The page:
Having said that, there is a lot to do here before we get to our destination. You see, we pray, plan, and prepare for the time when we land, but if we are only thinking of our future ministry, we may be missing some key opportunities to point our family and friends to Christ. The truth of the gospel should impact the way we leave home. Here are four things you can do to both leave well and prepare for your future ministry overseas.

 

Marty Duren posted an article at the Lifeway Pastors blog discussing mentoring relationships that make sense.

Over the last decade or so the concept of mentoring has taken a deep hold in leadership theory, including the church. The idea is leaders need someone with more experience than they to provide insight and counsel. In a perfect world, one’s mentor would prepare you for each and every eventuality you could face. We all know this is not probable.

 

As an older-teen and young man, my primary mentor was a truck-driver and deacon named Al Autry. When Al died, his funeral was attended by dozens of men my age and younger, all of whom counted Al as a primary mentor—if not the primary mentor—in their younger days. Al mentored me spiritually during a time when my own father was not yet a follower of Jesus.

 

In my early ministry, I didn’t need to talk to Bill Hybels, Rick Warren, or John Piper. But I did need to talk to someone who had more pastoral experience than I did. Two of my former pastors, an denominational employee, and a couple of pastors in my new locale fit that bill. While only one of them would I consider a mentor in the traditional sense, all of them filled the role in the aggregate.

 

When I moved to serve on a church staff, all the other staff members had more experience that I did, and at churches requiring greater responsibility. Every staff meeting was a mentoring session as was ministry together.

 

As I’ve grown older in ministry, younger pastors sometimes ask if I can mentor them, even if for a limited period of time. These relationships are always a blessing. But, there are mistakes pastors make when seeking a mentor. Three such mistakes are 1) thinking your mentor has to be a celebrity pastor, 2) that mentoring is always one person teaching the other, and 3) that only young pastors need mentors.

 

Not. True.

 

At the Intersect Project, Nathaniel Williams discussed embracing a smartphone-free life.

I sat around a table with a group of fellow pastors, many of whom were older than me. As our meeting concluded, one of the men planned how he would follow up with us.

 

“Does everyone have a smartphone?” he asked. The others nodded in agreement; some of them had been taking notes on their phones as he spoke.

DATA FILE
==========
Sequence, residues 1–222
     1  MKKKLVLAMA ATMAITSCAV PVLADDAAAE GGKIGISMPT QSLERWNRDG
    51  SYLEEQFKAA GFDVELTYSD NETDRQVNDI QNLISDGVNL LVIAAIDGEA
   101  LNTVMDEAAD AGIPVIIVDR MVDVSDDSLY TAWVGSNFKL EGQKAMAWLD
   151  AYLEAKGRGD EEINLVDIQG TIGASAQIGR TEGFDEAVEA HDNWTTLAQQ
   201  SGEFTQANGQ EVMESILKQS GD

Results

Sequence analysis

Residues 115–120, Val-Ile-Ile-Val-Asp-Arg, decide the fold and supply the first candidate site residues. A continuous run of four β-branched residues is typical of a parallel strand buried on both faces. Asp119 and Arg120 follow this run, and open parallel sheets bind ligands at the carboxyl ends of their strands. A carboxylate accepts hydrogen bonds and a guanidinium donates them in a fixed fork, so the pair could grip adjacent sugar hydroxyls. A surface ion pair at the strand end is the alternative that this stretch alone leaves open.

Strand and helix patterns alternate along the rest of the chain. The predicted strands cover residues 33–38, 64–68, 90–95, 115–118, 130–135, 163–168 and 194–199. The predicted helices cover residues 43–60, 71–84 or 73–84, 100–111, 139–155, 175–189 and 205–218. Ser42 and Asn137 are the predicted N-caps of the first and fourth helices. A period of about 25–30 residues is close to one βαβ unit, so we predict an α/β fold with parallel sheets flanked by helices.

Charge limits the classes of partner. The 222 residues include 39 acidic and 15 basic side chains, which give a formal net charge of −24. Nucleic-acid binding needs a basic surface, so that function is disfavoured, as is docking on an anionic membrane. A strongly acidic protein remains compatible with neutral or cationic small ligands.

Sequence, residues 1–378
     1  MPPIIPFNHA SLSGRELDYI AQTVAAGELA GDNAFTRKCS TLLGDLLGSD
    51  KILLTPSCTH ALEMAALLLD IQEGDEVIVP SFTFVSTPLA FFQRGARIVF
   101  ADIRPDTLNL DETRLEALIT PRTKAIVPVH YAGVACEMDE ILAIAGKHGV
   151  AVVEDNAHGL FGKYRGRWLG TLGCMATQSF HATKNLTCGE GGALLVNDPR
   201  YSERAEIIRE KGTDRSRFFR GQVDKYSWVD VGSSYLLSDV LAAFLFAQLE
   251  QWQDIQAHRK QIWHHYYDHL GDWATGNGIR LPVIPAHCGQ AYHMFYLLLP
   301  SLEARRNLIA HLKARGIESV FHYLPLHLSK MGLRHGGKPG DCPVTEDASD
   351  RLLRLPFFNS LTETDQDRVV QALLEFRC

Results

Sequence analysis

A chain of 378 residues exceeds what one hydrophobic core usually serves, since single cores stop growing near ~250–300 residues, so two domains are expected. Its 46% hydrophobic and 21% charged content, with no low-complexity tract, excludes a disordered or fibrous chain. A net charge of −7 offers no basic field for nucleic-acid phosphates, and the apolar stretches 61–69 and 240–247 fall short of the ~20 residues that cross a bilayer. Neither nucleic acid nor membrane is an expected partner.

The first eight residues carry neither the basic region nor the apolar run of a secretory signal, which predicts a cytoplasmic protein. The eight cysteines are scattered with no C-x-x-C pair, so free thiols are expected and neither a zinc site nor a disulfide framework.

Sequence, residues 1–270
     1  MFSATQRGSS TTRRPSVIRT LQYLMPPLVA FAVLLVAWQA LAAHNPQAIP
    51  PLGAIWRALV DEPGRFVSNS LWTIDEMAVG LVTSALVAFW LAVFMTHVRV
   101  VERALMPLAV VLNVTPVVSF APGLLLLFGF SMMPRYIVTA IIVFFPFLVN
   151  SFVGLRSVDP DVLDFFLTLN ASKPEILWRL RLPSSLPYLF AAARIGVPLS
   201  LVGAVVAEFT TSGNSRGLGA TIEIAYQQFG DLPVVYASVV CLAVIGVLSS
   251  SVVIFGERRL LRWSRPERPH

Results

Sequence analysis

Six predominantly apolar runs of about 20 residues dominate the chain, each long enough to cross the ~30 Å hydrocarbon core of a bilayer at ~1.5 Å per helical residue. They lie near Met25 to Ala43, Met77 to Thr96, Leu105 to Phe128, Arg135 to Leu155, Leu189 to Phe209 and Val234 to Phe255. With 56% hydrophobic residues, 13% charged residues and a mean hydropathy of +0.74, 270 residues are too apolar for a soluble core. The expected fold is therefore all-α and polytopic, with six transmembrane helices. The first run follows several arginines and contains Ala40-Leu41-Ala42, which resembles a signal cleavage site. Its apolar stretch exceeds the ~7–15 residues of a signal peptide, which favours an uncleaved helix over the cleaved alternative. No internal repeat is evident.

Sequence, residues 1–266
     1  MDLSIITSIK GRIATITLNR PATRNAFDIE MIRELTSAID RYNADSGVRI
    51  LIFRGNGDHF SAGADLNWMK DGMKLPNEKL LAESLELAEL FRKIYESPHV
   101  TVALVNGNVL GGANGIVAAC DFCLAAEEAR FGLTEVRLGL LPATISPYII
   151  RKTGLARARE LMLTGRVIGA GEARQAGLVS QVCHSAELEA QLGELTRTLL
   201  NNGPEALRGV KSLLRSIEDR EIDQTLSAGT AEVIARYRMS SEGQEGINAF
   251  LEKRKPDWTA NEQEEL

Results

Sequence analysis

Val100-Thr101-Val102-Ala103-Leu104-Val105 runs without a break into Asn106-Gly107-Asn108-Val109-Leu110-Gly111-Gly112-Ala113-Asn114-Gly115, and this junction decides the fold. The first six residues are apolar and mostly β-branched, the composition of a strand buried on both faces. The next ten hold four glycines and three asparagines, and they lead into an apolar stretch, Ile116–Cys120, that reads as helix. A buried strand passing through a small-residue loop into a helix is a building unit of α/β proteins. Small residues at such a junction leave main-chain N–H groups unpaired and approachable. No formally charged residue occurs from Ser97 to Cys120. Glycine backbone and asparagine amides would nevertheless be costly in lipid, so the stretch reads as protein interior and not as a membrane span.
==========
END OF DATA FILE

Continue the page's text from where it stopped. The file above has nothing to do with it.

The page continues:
I sheepishly shook my head no. I pulled out my circa-2007 basic phone and waved it in the air.

 

“How is it that the youngest person here doesn’t have a smartphone?” he asked. I laughed, admitted that I was behind the times and shared my email address instead.

 

I am used to these surprised reactions. I get them all the time. I am one of a dying breed — a millennial without a smartphone. Since more than 97 percent of my peers use a smartphone, people like me are almost extinct.

 

To be clear, my reasons for not having a smartphone aren’t remarkable. I’m not engaged in some anti-technology crusade. (I manage a website.) Nor am I interested in getting off the grid. (I still use my basic cell phone for calls and texts.) My tardiness in adopting a smartphone involves a combination of budget, stubbornness and the fact that I get along fine without one.

 

In this piece, I won’t try to convince you to become a smartphone curmudgeon. I simply want to offer a portrait of what it’s like to carry a technological relic in my pocket. To be 10 years behind the trend. To be a millennial without a smartphone.

 

At his personal blog, Southeastern President, Dr. Danny Akin shared why we need to stop and listen when it comes to Kingdom Diversity in the SBC.

I’ve been a Southern Baptist for as long as I have been a Christian. I came to know Jesus in a Southern Baptist church. I was baptized in a Southern Baptist church. I was called to ministry in a Southern Baptist church. I was educated at Southern Baptist institutions, and I have given my life to helping others on their path to ministry. In good times and bad, I love the SBC and I thank our Lord for its investment in my life.

 

When I read Lawrence Ware’s New York Times article after the 2017 SBC Annual Meeting, I was grieved. I don’t know Mr. Ware, and he and I don’t see eye to eye on every issue, particularly some of the parallels that he drew in his argument. But that didn’t change my reaction. When someone suggests that the experience of African Americans in my denomination is such that the best option may be to leave, I only feel sadness. I wish with all my heart this was not the case.

 

Chuck Lawless shared a post at his blog listing ten reasons Satan attacks families.

It’s no secret that Satan aims his arrows at families. In the Garden of Eden, he disrupted the marriage of Adam and Eve. In the very next chapter of the Bible, his influence was so great that a brother killed a brother. From that time, our homes have been in his sights. Here’s why.